How Third Space Learning Safeguard Your Students
Tutoring children means we have two important safeguarding roles to play. We must ensure that our tutors are suitable individuals to work with children and do not cause them harm. We also need our tutors to recognise, respond to, and report any safeguarding disclosures that a child makes to them.
In order to comply with these safeguarding responsibilities, we apply the best practices that are adopted by schools. This blog will outline all the safeguarding practices we adhere to in order to prioritise the welfare of children.
Ensuring our tutors are safe
The first level of protection we have is ensuring that we do not recruit anyone who may pose a danger to children, following the guidance listed in Section 3 of Keeping Children Safe in Education.
We ensure that our tutors have an enhanced DBS check. This includes a check to ensure they are not on the Children’s Barred List, a Teaching Prohibition Check, two proofs of ID, and two references.
We verify our tutors by carrying out a face-to-face interview with someone trained in safer recruitment and we also check their career history. We also ensure our tutors, who are based in Sri Lanka and India, have a clean Police Clearance Certificate, which is the document that the Home Office recommends employers check as a local equivalent to the DBS.
Having worked hard to ensure our tutors have no history of causing harm to children and will behave appropriately with children, we then make sure we prepare our tutors to be good and safe tutors. They undergo extensive training including dedicated safeguarding training, aligned with Keeping Children Safe in Education, Prevent Duty guidance, and our safeguarding policy.
Once we certify that our tutors are ready to begin tutoring, they have to pass a final mock tuition session. This will be with a trainer, who is either one of our UK-trained ex-teachers or has been trained by one of our UK-trained ex-teachers.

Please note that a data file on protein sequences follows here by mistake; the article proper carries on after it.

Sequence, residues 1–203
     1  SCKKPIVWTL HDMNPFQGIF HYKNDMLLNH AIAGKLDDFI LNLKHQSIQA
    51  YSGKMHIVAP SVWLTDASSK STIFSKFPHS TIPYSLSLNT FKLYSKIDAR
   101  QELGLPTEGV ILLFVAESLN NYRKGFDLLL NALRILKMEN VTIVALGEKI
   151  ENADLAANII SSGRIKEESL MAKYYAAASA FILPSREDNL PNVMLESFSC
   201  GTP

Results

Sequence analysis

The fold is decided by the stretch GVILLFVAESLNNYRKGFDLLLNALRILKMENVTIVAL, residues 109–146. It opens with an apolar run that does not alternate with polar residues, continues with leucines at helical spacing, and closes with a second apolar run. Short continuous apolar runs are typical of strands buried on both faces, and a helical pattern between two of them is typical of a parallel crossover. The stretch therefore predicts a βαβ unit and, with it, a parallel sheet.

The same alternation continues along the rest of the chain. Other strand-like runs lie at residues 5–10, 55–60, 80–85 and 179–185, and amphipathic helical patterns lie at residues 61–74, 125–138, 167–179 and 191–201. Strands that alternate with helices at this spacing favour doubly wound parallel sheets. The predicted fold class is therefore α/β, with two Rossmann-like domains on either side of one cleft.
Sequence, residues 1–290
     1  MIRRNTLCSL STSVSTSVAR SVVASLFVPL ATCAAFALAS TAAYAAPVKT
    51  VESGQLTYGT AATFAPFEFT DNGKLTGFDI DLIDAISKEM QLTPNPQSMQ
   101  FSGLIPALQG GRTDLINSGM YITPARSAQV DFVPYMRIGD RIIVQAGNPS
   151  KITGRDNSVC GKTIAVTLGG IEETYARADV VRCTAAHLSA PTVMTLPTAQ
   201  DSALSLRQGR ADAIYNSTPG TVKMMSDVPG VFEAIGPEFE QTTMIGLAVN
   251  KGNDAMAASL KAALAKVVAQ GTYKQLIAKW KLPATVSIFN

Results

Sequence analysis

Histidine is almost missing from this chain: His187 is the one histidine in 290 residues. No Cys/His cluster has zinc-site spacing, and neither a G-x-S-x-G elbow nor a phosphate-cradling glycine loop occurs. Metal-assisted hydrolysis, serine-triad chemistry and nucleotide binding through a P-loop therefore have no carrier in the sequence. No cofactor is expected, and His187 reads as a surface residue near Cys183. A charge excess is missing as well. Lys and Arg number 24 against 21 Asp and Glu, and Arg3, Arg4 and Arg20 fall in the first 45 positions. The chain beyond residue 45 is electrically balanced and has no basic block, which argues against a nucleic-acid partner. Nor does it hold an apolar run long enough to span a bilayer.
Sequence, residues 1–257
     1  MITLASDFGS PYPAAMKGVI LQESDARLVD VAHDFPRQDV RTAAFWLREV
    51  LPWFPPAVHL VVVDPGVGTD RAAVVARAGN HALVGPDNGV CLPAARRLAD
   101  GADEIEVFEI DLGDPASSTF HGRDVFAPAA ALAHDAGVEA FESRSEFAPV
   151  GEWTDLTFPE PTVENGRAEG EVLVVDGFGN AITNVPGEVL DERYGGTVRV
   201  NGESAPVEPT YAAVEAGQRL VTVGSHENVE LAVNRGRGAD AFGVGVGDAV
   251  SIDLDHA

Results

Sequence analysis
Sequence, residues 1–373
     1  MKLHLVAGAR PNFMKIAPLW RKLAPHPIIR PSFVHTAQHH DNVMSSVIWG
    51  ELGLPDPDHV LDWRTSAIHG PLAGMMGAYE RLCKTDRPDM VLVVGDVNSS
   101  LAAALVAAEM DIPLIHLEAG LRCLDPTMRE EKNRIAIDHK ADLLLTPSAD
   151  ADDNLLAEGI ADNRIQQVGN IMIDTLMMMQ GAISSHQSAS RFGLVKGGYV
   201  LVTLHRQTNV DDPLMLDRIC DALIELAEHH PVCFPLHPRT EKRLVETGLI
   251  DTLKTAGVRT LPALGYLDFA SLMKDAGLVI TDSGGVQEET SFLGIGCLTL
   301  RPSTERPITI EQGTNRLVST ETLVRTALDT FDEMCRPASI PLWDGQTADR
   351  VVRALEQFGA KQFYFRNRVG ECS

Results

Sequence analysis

Finally, once each tutor starts sessions, we continue to monitor and review them for safeguarding.
We do this through two mechanisms:
- We proactively check a random sample of sessions; last year, this was 4%.
- We reactively check sessions that have been flagged either by the school, the tutor themselves, or our automated alerts (for incidents such as a negative pupil comment after the session).
We have other safeguards in place, such as not allowing the tutor to know the family name or school name of the student, and only being able to contact them through our secure platform and only at the times agreed with the school.
Dealing with disclosures
It is much more likely that we will get involved in safeguarding because a student makes a safeguarding disclosure than because of a harmful or abusive action taken by one of our tutors. However, as outlined, we always take precautions to ensure our tutors are safe. Here’s how we deal with disclosures:
- Recognising: Our safeguarding training teaches our tutors what signs to listen out for, including physical abuse, neglect, emotional abuse, child-on-child abuse, serious violence, criminal exploitation, and more.
- Responding: Our tutors practise responding to children, asking open questions, and reassuring the child that they have done nothing wrong, that we have to let their teacher know about these concerns and that we will try to help out.
- Reporting: We have a well-established reporting process called the Red Flag process, whereby tutors submit the details of a safeguarding incident to our UK-based Customer Support Team. The UK team then decide whether the school needs to be contacted immediately by phone or if we should email them.
Our role vs the role of the school
We believe this school-first approach is best in most circumstances because the pupil’s teacher is much better placed to investigate any child protection concerns. They have a better relationship with the pupil, have more context than a tutor can gain over a voice-only internet connection, and will be better able to provide the child with an encouraging environment in which to talk.
Furthermore, in the event that the school decides the local authority or police need to be involved, then they are likely to already know the best people to contact.
Therefore, we will pass on our tutor’s safeguarding concern and then wait for the school to let us know whether they need anything else from us. This could include asking for the audio recording of the session or asking to speak to the tutor directly.
We always ensure that our safeguarding responsibilities are adhered to and in line with guidance so that we prioritise the welfare and well-being of children.
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